Review: Finding the Right Hills to Die On by Gavin Ortlund

Finding the Right Hills to Die On: The Case for Theological Triage by Gavin Ortlund My rating: 4 of 5 stars Gracious, clear, accessible. Extremely well done. I nearly docked him a star for being ever-so-slightly in a different place than I am on creationism (though I...

Leave a comment.

  1. bcollins

    I’m not sure I follow. Your question is: “whether or not the goodness of God’s good creation and the greater goodness of God’s recreation have implications for Christian engagement in culture”?

    I don’t see why Wright’s quote is inconsistent with the sojourner passages. Right now we are citizens of heaven sojourning in a hostile world. One day the the King will return to earth to change the present situation and the state of his people.

    I also don’t see how this quote overcomes your visceral objections. Wright is just saying again that heaven will be on the recreated earth, which is good. Christians today are citizens of that coming kingdom, and they are cells of people loyal to Christ in the wider culture, thus extending his influence.

    Both Alva McClain and Dwight Pentecost taught years before Wright that God’s people, Jew and Gentile, will spend eternity on the recreated earth. And they’re the kind of dispensationalists that get accused of refusing to polish sinking brass!

    What Wright is arguing is not new, even if it hasn’t even now penetrated to the popular level.

    In other words, Wright still needs to connect a few dots to make his point that a new earth necessitates current cultural involvement. (He may do this; I’ve not read the book and am only commenting on the specific quote in the post.)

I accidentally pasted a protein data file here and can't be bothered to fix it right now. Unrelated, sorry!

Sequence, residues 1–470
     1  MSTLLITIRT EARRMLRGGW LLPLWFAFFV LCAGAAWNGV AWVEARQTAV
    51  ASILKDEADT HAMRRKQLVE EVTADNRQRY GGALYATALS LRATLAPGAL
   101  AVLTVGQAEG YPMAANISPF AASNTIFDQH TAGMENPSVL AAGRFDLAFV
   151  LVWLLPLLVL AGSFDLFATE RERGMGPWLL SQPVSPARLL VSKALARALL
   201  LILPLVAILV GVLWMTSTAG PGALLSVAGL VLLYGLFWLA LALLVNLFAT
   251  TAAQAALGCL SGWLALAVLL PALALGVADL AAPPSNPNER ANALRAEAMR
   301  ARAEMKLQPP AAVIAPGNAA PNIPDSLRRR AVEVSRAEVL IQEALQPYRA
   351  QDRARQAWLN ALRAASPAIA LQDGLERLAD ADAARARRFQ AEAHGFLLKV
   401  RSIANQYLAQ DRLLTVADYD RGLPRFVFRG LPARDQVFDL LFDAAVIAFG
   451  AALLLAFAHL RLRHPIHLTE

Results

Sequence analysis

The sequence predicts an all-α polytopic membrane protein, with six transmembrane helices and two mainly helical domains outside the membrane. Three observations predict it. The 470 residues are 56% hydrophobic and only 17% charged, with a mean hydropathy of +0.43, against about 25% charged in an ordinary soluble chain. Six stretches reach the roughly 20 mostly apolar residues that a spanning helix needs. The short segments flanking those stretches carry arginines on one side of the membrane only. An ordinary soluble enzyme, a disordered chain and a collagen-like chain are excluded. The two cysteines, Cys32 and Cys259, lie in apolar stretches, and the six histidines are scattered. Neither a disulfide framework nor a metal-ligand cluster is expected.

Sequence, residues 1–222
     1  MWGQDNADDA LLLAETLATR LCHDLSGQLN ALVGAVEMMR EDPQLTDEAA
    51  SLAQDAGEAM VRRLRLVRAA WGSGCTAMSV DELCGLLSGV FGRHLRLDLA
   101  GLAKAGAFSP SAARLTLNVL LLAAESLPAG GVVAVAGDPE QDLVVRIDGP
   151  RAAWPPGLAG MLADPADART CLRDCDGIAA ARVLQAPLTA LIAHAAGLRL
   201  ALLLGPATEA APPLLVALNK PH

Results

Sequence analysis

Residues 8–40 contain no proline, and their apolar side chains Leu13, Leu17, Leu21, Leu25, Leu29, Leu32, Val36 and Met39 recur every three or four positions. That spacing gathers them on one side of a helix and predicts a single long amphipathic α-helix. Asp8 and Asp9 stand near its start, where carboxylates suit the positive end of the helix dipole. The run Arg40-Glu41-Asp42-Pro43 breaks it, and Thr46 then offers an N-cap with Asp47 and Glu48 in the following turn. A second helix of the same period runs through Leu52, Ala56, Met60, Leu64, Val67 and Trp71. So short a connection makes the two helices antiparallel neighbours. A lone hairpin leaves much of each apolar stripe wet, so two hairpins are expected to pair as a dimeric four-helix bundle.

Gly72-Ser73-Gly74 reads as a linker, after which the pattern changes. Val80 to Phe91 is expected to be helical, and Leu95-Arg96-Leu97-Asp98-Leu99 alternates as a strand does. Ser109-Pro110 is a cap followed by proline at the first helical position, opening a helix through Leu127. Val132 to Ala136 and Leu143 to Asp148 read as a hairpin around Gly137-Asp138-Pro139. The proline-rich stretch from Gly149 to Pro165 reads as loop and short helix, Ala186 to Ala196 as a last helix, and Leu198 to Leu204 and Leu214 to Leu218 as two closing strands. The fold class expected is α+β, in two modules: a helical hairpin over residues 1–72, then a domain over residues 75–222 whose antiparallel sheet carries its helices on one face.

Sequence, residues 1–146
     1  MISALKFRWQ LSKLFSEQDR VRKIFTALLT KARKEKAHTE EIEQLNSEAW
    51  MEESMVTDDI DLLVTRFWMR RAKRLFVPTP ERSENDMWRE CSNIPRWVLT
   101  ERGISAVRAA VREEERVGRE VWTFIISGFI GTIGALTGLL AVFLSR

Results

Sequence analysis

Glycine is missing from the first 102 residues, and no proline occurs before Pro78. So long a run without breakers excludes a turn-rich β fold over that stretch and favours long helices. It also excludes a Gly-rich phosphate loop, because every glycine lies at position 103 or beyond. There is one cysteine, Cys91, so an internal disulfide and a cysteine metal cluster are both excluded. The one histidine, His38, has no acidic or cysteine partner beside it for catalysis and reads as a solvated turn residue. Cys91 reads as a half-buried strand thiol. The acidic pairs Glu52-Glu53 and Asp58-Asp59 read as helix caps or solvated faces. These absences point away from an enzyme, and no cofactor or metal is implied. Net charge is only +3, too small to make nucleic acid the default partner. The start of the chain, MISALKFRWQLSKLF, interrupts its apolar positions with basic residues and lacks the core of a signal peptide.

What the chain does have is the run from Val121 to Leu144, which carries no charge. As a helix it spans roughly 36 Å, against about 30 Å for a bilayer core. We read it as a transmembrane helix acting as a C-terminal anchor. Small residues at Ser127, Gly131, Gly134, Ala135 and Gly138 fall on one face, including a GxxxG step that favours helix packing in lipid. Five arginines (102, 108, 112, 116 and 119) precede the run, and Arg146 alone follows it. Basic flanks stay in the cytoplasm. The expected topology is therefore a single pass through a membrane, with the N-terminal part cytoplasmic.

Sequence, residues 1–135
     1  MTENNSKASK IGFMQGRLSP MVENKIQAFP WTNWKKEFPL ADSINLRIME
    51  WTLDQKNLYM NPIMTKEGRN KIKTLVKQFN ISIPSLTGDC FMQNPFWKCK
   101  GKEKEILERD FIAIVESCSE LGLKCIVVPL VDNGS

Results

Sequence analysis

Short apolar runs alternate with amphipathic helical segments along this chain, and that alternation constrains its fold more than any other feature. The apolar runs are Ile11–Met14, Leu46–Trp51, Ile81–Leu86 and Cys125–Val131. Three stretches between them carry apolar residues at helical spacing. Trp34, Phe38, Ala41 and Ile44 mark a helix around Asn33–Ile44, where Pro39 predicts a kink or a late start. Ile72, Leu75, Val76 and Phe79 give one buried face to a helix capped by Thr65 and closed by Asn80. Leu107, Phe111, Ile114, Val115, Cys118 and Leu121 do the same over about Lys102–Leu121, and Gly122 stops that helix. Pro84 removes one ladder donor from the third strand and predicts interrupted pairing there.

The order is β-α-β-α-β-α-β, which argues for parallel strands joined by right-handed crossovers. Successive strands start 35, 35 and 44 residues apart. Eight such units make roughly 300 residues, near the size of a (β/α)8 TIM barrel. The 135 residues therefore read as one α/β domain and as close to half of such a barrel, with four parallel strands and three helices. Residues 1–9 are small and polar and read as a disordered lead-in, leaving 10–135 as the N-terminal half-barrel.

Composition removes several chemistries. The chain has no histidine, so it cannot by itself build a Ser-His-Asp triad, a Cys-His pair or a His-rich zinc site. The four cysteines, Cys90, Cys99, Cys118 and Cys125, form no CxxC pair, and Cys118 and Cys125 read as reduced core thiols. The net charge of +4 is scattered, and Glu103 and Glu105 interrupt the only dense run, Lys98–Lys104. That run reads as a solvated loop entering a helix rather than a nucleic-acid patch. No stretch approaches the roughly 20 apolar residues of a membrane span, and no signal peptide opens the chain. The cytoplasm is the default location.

2. bcollins

    Though I agree with Wright’s basic point that we look forward to living with Christ on a renewed earth for eternity, I think his emphasis on Philippi’s colonial status is incorrect on the exegetical level.

    Several different translations have been suggested for πολίτευμα. The most common one among the translations is “citizenship,” but O’Brien notes “this is one of the least-attested meanings in NT times” (Philippians, 460). Another suggestion that is interpretively attractive is “colony” in the sense that we are “a colony of heaven on earth” (ibid.). Against this, Paul’s wording indicates the “πολίτευμα is in heaven, not on earth” (Fee, 379, n. 17).

    The best option is “commonwealth” (the choice of the RSV, though changed by both the NRSV and the ESV to “citizenship”) in the sense “of a political entity (‘state’) as a whole with that of the active participation of the individuals who belong to it” (Bockmuehl, 233; see also O’Brien, 460; Fee, 379, n. 17; Silva, 184).

    Thus in this passage, Paul is focused on the “not yet” whereas Wright is interpreting it as if it is focused on the “already.”

    In other words, although the kingdom of Christ has been inaugurated, Christians still await its full arrival to earth. Our commonwealth is currently in heaven. Thus we shouldn’t have our minds set on earthly things. People with their minds set on earthly things idolize their appetites (3:19). Christians on the other hand, are looking forward to Christ’s return from heaven to transform our bodies and subject the world to his rule. Thus their desires are heavenly not earthly. (Though this distinction should not be read as dualism.)


Leave a Reply